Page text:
National Geographic News Story & Photo

“St. Paul's Tomb Unearthed in Rome”

Maria Cristina Valsecchi in Vatican City

for National Geographic News

December 11, 2006

St. Paul's stone coffin has been found beneath Rome's second largest basilica, but its contents remain a mystery, Vatican archaeologists announced today.

The sarcophagus dates back to about A.D. 390 and was uncovered in Rome's Basilica of St. Paul's Outside-the-Walls, named for its location beyond the ancient wall surrounding Rome's center.

Long believed to be buried beneath the church's altar, the coffin is now on display for the first time in centuries—its precious cargo, however, is not.

"For now we didn't open the sarcophagus to study the contents. Our aim was to unearth the coffin venerated as St. Paul's tomb, not to authenticate the remains," said Giorgio Filippi, the archaeologist of the Vatican Museum, who directed the excavations.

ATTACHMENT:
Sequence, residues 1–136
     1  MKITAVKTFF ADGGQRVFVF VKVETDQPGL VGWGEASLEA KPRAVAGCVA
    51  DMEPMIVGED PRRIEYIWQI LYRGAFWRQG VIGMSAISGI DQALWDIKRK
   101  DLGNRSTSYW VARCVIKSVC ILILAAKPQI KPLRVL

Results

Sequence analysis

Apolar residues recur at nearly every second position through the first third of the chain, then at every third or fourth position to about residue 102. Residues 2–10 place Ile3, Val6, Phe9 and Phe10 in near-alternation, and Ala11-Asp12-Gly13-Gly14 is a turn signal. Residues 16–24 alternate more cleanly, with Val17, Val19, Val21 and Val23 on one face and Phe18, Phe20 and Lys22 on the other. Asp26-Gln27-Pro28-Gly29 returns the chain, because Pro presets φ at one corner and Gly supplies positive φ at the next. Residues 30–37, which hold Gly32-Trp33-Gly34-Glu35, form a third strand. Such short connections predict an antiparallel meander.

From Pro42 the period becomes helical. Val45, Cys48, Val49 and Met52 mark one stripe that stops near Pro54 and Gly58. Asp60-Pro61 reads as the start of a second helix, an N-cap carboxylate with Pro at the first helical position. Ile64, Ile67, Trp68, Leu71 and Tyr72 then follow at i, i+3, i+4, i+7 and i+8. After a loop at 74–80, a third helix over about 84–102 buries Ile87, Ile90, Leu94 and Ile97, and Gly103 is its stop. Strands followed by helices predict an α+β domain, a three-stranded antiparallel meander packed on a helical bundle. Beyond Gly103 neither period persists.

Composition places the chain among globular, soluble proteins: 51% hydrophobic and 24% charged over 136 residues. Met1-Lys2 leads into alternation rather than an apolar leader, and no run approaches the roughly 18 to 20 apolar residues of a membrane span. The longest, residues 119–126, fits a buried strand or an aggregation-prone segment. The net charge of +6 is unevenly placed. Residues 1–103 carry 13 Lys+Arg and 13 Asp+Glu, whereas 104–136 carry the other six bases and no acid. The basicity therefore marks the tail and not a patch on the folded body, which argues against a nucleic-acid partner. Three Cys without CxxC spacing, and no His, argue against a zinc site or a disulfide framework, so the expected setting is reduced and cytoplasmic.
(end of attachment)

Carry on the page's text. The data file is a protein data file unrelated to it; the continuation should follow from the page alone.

"The sarcophagus was buried beneath the main altar, under a marble tombstone bearing the Latin words "Paulo Apostolo Mart.," meaning "Apostle Paul, Martyr."

The basilica "rises on the place where, according to tradition, Paul of Tarsus was originally buried after his martyrdom," Filippi said.

Photograph by Alessandra Tarantino/AP.


Cardinal Andrea Cordero Lanza di Montezemolo, Archpriest of Rome's Basilica of St. Paul's Outside-the-Walls, shows the passageway through which one side of St. Paul's stone coffin is visible.

The sarcophagus had long been believed buried beneath the church's main altar. But it took a multiyear excavation to verify that fact. No one knows for sure, however, whether the early Christian Apostle's remains are still in his coffin.

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